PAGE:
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Boxing Odds and Ends: Roiman Villa’s Remarkable Rally and More

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  • Boxing Odds and Ends: Roiman Villa’s Remarkable Rally and More

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    By Arne K. Lang

    Through the first 15 rounds of Saturday’s Showtime pay-per-view, the “A-side” had won every round. Demetrious Andrade pitched a shutout over Demond Nicholson in the 10-round opener and the second match of the quadruple header, pitting Rashidi Ellis against Roiman Villa, was following the same tack. Ellis, who seemingly had too much class for Villa, won the first five rounds on all three scorecards without breaking much of a sweat. “He’s on cruise control,” said a blogger on social media.

    Had the Ellis-Villa fight continued along this path, the first three fights would have resulted in monotonous shutouts (Boots Ennis defeated his uninspired opponent by three identical 120-108 scores) and there would have been considerable wailing about what a rip-off Showtime was feeding fight fans at a suggested list price of $79. But Villa kept plugging away and his pertinacity paid dividends, producing high drama and getting the matchmaker off the hook.

    Although he won rounds 9, 10, 11 on all three cards, Villa still needed a big finish to pull off the upset and he finished with a flourish, knocking the previously undefeated Ellis down twice to cop a majority decision.

    The noted boxing scribe Cliff Rold drew a parallel between Villa’s comeback and that of Jorge Paez in his 1988 match with previously undefeated Calvin Grove. Paez knocked Grove down three times in the 15th round to eke out a majority decision and snatch away Groves’ IBF featherweight title. The match was televised live on a Thursday night from a Mexicali bullring on the old USA Boxing network.

    This reporter was reminded of a more famous fight, the first meeting between Julio Cesar Chavez and Meldrick Taylor at the Las Vegas Hilton in 1990. To be certain, it’s an imperfect comparison. Entering the final round, Chavez had a higher hill to climb than did Villa against Ellis who managed to make it to the final bell whereas Taylor did not, falling shy by 2 seconds. Also, Taylor suffered considerably more damage than Ellis – he had to be hospitalized and was never the same – whereas it appears that Ellis may be able to rebound from this mishap and fight his way back into a position of prominence in the welterweight division. He would likely be a small favorite over Villa in a rematch.

    Roiman Villa, who was born in Venezuela and has Colombian citizenship, brought an impressive record into Saturday’s fight: 25-1 with 24 knockouts. But aside from one fight in Panama, all but two of his fights were in South America against suspect opposition and he was extended the distance when venturing outside this region, losing a 12-round split decision to a Mexican in Los Mochis, Mexico, and winning an 8-round decision over a Detroiter of Puerto Rican descent in Atlantic City.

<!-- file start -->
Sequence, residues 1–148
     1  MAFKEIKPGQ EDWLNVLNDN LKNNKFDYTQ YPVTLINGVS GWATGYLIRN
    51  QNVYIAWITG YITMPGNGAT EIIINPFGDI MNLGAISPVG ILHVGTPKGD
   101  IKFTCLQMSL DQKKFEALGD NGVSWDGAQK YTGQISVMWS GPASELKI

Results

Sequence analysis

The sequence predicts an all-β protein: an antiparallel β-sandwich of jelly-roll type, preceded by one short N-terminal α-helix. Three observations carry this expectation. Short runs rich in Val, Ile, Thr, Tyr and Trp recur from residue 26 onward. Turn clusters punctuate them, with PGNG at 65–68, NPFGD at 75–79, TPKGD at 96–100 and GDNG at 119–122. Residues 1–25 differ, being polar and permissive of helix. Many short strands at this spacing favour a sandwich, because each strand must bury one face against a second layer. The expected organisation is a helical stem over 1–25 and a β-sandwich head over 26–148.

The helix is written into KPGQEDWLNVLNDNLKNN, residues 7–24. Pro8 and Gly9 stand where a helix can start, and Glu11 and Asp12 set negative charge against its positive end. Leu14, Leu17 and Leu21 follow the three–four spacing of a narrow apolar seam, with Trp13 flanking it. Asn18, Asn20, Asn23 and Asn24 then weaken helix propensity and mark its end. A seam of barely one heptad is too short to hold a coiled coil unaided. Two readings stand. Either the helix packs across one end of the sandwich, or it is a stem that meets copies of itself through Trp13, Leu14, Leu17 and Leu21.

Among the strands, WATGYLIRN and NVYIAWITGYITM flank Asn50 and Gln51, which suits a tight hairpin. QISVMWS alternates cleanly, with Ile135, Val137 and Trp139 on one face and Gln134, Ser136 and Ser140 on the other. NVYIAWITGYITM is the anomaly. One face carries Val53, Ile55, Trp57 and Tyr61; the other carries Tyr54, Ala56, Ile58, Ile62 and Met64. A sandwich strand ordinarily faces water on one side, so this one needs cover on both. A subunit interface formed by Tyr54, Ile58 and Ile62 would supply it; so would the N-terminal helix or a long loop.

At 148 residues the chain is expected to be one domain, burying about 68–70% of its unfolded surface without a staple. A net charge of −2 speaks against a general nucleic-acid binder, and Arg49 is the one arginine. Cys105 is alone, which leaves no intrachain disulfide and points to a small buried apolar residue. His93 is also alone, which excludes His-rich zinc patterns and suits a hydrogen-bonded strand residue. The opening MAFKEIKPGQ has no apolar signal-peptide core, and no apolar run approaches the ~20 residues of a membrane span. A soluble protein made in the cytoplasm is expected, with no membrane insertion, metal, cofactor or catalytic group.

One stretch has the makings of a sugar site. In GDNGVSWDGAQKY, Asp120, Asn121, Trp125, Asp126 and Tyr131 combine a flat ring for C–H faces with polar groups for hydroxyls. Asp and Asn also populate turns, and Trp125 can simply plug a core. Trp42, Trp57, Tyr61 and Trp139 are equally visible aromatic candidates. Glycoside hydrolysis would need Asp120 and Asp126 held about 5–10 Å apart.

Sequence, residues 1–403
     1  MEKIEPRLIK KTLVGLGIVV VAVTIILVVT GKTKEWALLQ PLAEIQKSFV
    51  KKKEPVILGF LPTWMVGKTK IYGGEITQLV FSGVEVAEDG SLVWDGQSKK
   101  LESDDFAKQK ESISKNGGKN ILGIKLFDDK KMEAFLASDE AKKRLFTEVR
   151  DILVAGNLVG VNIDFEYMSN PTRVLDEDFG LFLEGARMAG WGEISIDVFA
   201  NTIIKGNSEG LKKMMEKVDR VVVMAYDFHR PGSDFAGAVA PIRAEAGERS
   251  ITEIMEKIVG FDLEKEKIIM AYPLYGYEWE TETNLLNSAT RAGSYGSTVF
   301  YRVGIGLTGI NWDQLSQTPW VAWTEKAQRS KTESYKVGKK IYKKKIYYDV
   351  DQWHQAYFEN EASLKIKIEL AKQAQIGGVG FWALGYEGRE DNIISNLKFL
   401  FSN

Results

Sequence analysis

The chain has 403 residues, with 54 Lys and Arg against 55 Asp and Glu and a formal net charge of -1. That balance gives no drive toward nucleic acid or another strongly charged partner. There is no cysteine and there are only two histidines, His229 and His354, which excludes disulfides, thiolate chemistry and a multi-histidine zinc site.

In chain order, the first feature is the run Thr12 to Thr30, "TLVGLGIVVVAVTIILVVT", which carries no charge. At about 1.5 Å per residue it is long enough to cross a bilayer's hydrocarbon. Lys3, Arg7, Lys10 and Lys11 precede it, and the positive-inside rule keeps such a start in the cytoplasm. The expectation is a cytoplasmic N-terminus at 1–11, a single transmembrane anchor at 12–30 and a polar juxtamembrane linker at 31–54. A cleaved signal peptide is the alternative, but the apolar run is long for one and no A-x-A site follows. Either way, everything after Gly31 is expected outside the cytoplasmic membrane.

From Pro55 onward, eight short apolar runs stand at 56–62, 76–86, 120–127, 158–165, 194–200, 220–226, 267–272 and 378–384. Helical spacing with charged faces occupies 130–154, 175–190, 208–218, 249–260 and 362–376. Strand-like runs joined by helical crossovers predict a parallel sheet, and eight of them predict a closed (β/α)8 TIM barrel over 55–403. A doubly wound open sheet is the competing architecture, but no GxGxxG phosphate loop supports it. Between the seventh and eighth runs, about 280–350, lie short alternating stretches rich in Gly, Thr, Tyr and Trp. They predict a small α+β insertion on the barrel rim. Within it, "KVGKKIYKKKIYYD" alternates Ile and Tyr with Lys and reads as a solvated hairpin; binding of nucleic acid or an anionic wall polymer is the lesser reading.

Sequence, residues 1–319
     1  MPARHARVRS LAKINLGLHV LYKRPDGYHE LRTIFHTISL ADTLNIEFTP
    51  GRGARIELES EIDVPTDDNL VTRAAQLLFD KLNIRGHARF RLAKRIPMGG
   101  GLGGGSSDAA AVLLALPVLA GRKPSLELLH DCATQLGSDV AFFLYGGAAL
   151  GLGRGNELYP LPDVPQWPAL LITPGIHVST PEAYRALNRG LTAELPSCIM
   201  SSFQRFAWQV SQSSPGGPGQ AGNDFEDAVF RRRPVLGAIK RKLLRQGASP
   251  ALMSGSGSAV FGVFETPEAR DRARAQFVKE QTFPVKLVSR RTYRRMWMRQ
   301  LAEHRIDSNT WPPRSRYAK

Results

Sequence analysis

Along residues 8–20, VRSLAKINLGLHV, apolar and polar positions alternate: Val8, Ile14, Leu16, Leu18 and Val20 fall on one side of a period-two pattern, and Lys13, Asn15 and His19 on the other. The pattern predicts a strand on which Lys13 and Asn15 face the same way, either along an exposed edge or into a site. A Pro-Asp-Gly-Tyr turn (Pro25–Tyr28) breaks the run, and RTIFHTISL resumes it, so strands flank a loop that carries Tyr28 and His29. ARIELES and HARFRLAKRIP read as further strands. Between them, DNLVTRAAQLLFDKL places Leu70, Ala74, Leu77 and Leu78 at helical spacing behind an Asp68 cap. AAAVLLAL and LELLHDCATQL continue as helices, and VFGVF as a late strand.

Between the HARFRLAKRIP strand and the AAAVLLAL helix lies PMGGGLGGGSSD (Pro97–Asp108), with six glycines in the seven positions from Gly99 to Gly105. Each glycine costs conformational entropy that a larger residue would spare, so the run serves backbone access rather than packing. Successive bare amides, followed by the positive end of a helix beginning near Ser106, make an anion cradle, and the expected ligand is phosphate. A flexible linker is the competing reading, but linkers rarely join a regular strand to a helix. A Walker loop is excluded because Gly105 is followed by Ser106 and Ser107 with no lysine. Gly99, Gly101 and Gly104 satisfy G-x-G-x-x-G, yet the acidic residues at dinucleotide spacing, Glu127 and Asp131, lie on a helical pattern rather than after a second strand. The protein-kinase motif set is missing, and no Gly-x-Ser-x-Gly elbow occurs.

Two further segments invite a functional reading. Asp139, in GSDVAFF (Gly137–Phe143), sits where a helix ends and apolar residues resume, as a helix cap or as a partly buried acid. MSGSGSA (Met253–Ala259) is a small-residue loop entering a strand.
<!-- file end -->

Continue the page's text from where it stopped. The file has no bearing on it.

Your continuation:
The rap on him remains – he’s heavy-handed, but a one-dimensional grinder – but he set himself up for some nice paydays with his hard-earned triumph over Rashidi Ellis and reminded us of Yogi’s saying that it’s never over until it’s over.


    The Showtime event was a bonanza from the standpoint of the live gate. When it comes to packing an arena, no one moves the needle quite like Gervonta “Tank” Davis who performed as expected in the main event, defeating Hector Luis Garcia who was all in after eight rounds.

    In each of his last four fights – at NBA arenas in Atlanta, Los Angeles, Brooklyn, and now Washington, DC – there was nary an empty seat. An announced crowd of 19,371 -- heavily dappled with stars from the sports and music worlds -- attended Saturday’s show at Capitol One Arena, this coming on the heels of setting a Barclays Center record for a boxing match with an announced crowd of 18,970 for his match with Rolly Romero. And keep in mind that Gervonta was a heavy favorite in all four of those fights.

    The promoters would be wise to park his forthcoming bout with Ryan Garcia (likely in April) at LA’s SoFi Stadium, the site of last year’s Super Bowl and tonight’s national title game in college football. A sellout is assured.


    The first notable member of the boxing fraternity to pass away in 2023 was trainer Hector Roca, a fixture at the iconic Gleason’s Gym going back to the days when it was located on the Manhattan side of the Brooklyn Bridge. Roca suffered a fatal heart attack on Jan. 2 while a patient at a Brooklyn hospital. He was 82 years old.

    A native of Panama where he was a world-class bicycle racer, Roca moved to New York in 1975. One day, while working as an apprentice cutter in the garment district, he wandered into Gleason’s at its third incarnation near Madison Square Garden and never looked back. Over the years, he helped train 21 boxers who captured world titles including Arturo Gatti, Buddy McGirt, and Iran Barkley.

    Roca’s main claim to fame was that he trained Hilary Swank for her role as boxer Maggie Fitzgerald opposite director Clint Eastwood and Morgan Freeman in the 2004 award-willing film “Million Dollar Baby.” Swank gave a shoutout to Roca and the legendary gym on national television during her acceptance speeches after winning “Best Actress” at the Golden Globes and the Oscars.

    Roca went west to finish his training for Swank, residing in a house that Swank rented for him in the hip LA suburb of Venice Beach. Swank often cooked his meals and according to Roca she was one helluva cook.

    Among the many tributes to Roca on social media was this heart-warming missive from Heather Hardy: “Today I lost my coach, my dad, my mentor and the only man in the world that I trust.”

    May he rest in peace.

    Photo credit: Ryan Hafey / Premier Boxing Champions